Block and graft copolymers and Nanogel(TM) copolymer networks for DNA delivery into cell

P. Lemieux, S. V. Vinogradov, Catherine L Gebhart, N. Guerin, G. Paradis, H. K. Nguyen, B. Ochietti, Y. G. Suzdaltseva, E. V. Bartakova, T. K. Bronich, Y. St.-Pierre, V. Yu Alakhov, A. V. Kabanov

Research output: Contribution to journalReview articlepeer-review

127 Scopus citations


Self-assembling complexes from nucleic acids and synthetic polymers are evaluated for plasmid and oligonucleotide (oligo) delivery. Polycations having linear, branched, dendritic, block- or graft copolymer architectures are used in these studies. All these molecules bind to nucleic acids due to formation of cooperative systems of salt bonds between the cationic groups of the polycation and phosphate groups of the DNA. To improve solubility of the DNA/polycation complexes, cationic block and graft copolymers containing segments from polycations and non-ionic soluble polymers, for example, poly(ethylene oxide) (PEO) were developed. Binding of these copolymers with short DNA chains, such as oligos, results in formation of species containing hydrophobic sites from neutralized DNA-polycation complex and hydrophilic sites from PEO. These species spontaneously associate into polyion complex micelles with a hydrophobic core from neutralized polyions and a hydrophilic shell from PEO. Such complexes are very small (10-40 nm) and stable in solution despite complete neutralization of charge. They reveal significant activity with oligos in vitro and in vivo. Binding of cationic copolymers to plasmid DNA forms larger (70-200 nm) complexes, which are practically inactive in cell transfection studies. It is likely that PEO prevents binding of these complexes with the cell membranes ('stealth effect'). However attaching specific ligands to the PEO-corona can produce complexes, which are both stable in solution and bind to target cells. The most efficient complexes were obtained when PEO in the cationic copolymer was replaced with membrane-active PEO-b-poly(propylene oxide)-b-PEO molecules (Pluronic 123). Such complexes exhibited elevated levels of transgene expression in liver following systemic administration in mice. To increase stability of the complexes, NanoGel(TM) carriers were developed that represent small hydrogel particles synthesized by cross-linking of PEI with double end activated PEO using an emulsification/solvent evaporation technique. Oligos are immobilized by mixing with NanoGel(TM) suspension, which results in the formation of small particles (80 nm). Oligos incorporated in NanoGel are able to reach targets within the cell and suppress gene expression in a sequence-specific fashion. Further, loaded NanoGel particles cross-polarized monolayers of intestinal cells (Caco-2) suggesting potential usefulness of these systems for oral administration of oligos. In conclusion the approaches using polycations for gene delivery for the design of gene transfer complexes that exhibit a very broad range of physicochemical and biological properties, which is essential for design of a new generation of more effective non-viral gene delivery systems.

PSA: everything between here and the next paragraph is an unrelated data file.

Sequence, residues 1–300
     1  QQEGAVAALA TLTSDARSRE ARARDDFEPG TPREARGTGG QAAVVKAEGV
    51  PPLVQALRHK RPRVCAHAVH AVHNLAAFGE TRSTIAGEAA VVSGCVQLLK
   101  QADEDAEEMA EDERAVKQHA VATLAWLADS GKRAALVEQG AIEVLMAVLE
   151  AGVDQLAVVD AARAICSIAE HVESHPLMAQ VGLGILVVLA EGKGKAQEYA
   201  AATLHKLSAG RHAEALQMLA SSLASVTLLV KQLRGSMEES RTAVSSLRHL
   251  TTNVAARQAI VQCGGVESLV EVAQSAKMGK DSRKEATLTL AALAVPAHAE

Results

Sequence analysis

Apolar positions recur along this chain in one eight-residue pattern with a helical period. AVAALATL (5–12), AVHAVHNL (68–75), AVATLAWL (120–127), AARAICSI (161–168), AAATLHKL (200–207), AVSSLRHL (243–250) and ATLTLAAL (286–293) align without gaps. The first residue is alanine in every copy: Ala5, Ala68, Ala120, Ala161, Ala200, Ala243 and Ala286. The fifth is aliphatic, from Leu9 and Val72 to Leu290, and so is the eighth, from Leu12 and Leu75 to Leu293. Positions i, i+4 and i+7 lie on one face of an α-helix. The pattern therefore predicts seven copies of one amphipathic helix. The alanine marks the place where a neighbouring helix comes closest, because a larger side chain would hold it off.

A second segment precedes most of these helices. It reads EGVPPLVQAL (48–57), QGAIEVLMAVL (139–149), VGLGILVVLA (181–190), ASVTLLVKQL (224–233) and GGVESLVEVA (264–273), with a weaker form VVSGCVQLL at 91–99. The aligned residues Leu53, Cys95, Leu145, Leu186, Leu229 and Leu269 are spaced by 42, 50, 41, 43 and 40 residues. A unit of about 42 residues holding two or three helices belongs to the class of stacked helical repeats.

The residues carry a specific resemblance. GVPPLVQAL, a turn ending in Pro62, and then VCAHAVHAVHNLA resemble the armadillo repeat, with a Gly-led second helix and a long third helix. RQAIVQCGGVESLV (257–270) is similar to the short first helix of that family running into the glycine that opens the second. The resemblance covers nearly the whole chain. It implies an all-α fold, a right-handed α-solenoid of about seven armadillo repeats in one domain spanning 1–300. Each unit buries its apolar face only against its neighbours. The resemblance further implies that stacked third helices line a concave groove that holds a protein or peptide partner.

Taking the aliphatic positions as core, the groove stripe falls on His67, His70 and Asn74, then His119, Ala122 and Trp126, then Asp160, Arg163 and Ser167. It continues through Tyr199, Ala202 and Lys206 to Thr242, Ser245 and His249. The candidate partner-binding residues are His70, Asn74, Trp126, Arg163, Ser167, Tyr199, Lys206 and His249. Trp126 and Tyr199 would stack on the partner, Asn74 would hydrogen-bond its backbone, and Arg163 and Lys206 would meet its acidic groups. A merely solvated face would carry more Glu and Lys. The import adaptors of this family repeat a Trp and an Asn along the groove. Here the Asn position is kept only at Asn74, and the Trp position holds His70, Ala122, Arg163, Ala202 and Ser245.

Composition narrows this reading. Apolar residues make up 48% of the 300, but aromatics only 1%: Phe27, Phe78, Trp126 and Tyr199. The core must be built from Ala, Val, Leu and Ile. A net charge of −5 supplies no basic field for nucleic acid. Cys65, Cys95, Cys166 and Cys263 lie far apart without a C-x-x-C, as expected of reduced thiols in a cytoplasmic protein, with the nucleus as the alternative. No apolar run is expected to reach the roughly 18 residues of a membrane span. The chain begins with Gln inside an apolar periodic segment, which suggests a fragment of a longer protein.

Original languageEnglish (US)
Pages (from-to)91-105
Number of pages15
JournalJournal of Drug Targeting
Issue number2
StatePublished - 2000


  • Block copolymer
  • DNA
  • Gene delivery
  • Non-viral
  • Oligonucleotide
  • Polycation
  • Transgene

ASJC Scopus subject areas

  • Pharmaceutical Science


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